Paul Dirac

8 August 1902 – 20 October 1984

Paul Adrien Maurice Dirac was born in Bristol, his father being a Swiss immigrant and his mother Cornish. At the University of Bristol he obtained a degree in electrical engineering in 1921 and a BA in applied mathematics in 1923. A grant then enabled him to enter St John's College, Cambridge, where he studied the new ideas of relativity and quantum theory and gained a PhD in 1926. He was Lucasian Professor of Mathematics at Cambridge from 1932 to 1969. His later years were spent in Florida.

Dirac's Principles of Quantum Mechanics (1930) is still a standard textbook on the subject. He showed that the Heisenberg matrix mechanics and the Schrödinger wave mechanics formulations of quantum theory were mathematically equivalent. His main achievement was the formulation of the Dirac equation for the electron, combining relativity with the quantum wavefunction. This explained quantum "spin" as a relativistic effect. Symmetry in the equation indicated a second solution, thus predicting the possible existence of "antimatter". The anti-particle of the electron, named the "positron" was observed experimentally by Carl Anderson in 1932. Dirac shared the Nobel Prize in physics for 1933 with Erwin Schrödinger.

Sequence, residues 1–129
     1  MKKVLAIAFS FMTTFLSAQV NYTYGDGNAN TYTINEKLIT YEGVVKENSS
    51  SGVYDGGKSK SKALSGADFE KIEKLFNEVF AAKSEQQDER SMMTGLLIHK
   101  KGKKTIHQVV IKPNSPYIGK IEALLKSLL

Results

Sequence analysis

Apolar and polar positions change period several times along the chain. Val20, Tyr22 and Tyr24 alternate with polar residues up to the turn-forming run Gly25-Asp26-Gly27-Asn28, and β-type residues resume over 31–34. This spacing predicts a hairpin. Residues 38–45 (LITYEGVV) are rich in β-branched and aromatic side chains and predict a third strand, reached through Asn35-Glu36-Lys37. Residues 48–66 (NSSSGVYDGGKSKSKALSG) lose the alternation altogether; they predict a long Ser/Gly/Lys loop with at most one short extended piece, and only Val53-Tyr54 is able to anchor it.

On religion he stated: "If we are honest — and scientists have to be — we must admit that religion is a jumble of false assertions, with no basis in reality. The very idea of God is a product of the human imagination. It is quite understandable why primitive people, who were so much more exposed to the overpowering forces of nature than we are today, should have personified these forces in fear and trembling. But nowadays, when we understand so many natural processes, we have no need for such solutions." [1927, quoted by Heisenberg 1972]

His fundamental belief, according to John Polkinghorne, was that the laws of nature should be expressed in beautiful equations. A plaque bearing the Dirac equation was unveiled at Westminster Abbey by Stephen Hawking in 1995. Bristol has a Dirac Road, and there is a blue plaque on his childhood home. A commemorative garden has been established opposite the railway station in Saint-Maurice, Switzerland, the town of origin of his father's family.

Sources and Links

Graham Farmelo: The Strangest Man: The Hidden Life of Paul Dirac, Quantum Genius is a recent much-praised biography.
Wikipedia biography
St Andrews biography and mathematics
Nobel Prize